Source: Joint Committee on Taxation
This document, prepared by the staff of the Joint Committee on Taxation, reconsiders the utility of the JCT Staff’s current implementation of tax expenditure analysis. Tax expenditure analysis can and should serve as an effective and neutral analytical tool for policymakers in their consideration of individual tax proposals or larger tax reforms. Its efficacy has been undercut substantially, however, by the depth and breadth of the criticisms leveled against it. Tax expenditure analysis no longer provides policymakers with credible insights into the equity, efficiency, and ease of administration issues raised by a new proposal or by present law, because the premise of the analysis (the validity of the “normal” tax base) is not universally accepted. Driven off track by seemingly endless debates about what should and should not be included in the “normal” tax base, tax expenditure analysis today does not advance either of the two goals that inspired its original proponents: clarifying the aggregate size and application of government expenditures, and improving the Internal Revenue Code. The JCT Staff therefore has begun a project to rethink how best to articulate the principles of tax expenditure analysis, in order to improve the doctrine’s utility to policymakers, reemphasize its neutrality, and address the concerns raised by many commentators.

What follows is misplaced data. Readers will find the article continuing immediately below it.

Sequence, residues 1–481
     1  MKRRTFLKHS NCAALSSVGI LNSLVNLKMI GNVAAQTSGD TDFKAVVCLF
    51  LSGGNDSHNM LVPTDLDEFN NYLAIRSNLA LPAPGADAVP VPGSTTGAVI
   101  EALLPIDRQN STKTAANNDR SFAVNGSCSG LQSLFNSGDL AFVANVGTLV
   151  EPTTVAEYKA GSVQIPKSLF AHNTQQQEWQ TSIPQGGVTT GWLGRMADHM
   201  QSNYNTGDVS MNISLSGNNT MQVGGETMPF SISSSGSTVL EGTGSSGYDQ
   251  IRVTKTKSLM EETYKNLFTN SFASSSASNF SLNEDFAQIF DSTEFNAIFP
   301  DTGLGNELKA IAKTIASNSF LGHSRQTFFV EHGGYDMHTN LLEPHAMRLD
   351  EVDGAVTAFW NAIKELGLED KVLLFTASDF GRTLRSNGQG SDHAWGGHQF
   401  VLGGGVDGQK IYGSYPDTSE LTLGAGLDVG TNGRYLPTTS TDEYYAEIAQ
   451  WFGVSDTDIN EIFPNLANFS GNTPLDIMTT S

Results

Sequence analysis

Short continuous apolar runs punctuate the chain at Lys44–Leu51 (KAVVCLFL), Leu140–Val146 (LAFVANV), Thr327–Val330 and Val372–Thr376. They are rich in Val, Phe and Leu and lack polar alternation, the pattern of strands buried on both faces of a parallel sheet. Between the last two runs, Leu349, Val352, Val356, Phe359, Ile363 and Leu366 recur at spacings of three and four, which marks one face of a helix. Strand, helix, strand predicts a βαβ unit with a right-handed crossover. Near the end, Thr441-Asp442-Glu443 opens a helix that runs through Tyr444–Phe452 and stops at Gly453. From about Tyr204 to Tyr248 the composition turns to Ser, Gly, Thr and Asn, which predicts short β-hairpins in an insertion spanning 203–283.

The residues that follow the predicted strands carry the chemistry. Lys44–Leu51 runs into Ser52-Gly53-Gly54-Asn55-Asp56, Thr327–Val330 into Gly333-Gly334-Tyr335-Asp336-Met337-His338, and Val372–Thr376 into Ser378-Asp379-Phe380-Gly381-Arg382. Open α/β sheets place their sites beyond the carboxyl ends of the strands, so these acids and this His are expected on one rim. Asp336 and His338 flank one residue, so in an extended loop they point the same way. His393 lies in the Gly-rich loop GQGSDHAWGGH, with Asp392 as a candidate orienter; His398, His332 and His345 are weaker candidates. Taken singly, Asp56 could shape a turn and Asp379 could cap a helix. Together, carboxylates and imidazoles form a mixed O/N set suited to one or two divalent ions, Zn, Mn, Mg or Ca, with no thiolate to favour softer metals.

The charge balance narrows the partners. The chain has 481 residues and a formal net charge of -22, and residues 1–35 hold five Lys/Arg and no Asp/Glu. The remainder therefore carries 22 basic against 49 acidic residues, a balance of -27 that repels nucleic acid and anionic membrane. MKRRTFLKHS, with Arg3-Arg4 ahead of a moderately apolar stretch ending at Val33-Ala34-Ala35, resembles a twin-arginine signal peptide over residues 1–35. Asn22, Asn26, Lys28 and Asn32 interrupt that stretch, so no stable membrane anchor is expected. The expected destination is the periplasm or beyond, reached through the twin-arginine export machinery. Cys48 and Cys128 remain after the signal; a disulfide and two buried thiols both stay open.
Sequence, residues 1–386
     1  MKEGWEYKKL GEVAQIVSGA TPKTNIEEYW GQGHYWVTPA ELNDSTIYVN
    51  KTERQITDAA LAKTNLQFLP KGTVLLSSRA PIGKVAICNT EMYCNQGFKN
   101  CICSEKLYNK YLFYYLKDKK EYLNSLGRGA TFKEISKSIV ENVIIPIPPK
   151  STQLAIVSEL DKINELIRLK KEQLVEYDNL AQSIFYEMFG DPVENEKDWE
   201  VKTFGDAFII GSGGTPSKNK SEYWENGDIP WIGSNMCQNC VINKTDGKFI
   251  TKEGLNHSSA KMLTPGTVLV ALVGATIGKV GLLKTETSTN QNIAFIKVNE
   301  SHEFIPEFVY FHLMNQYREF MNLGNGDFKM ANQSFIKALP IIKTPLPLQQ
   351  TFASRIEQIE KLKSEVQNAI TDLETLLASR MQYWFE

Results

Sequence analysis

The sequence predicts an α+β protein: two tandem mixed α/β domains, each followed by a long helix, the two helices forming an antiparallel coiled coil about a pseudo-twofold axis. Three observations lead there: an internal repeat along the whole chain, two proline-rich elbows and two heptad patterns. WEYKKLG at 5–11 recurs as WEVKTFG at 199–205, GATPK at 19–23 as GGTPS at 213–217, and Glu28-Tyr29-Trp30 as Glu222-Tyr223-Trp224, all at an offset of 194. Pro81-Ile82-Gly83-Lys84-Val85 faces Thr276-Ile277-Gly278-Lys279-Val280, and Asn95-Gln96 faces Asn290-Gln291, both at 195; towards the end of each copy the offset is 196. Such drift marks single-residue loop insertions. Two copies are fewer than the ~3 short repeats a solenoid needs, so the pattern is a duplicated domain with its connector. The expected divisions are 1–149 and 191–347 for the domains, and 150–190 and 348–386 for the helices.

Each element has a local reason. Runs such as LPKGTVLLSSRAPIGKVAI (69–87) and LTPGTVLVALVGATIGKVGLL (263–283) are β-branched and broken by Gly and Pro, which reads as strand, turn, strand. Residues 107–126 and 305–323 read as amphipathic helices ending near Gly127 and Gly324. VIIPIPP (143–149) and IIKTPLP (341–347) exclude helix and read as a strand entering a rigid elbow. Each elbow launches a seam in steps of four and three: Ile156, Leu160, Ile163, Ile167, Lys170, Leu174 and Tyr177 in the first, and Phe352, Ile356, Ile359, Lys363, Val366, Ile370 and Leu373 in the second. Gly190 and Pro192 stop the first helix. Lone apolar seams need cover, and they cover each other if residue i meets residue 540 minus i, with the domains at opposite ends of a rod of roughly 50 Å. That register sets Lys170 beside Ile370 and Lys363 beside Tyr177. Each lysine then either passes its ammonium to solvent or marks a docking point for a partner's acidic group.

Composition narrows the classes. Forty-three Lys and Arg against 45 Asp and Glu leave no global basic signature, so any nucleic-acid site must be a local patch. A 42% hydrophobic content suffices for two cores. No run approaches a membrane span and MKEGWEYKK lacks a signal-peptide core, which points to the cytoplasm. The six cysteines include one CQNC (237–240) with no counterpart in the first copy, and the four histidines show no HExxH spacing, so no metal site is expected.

This pamphlet introduces a new paradigm for classifying tax provisions as tax expenditures. Our revised classification divides the universe of such provisions into two main categories: tax expenditures that can be identified by reference to the general rules of the existing Internal Revenue Code (not, as is the current practice, by reference to a hypothetical “normal” tax), which we label “Tax Subsidies,” and a new category that we have termed “Tax-Induced Structural Distortions.” The two categories together cover much the same ground as does the current definition of tax expenditures, and in some cases extend the application of the concept further. The revised approach does so, however, without relying on a hypothetical “normal” tax to determine what constitutes a tax expenditure, and without holding up that “normal” tax as an implicit criticism of present law. The result should be a more principled and neutral approach to the issues.
Full report (PDF; 367 KB)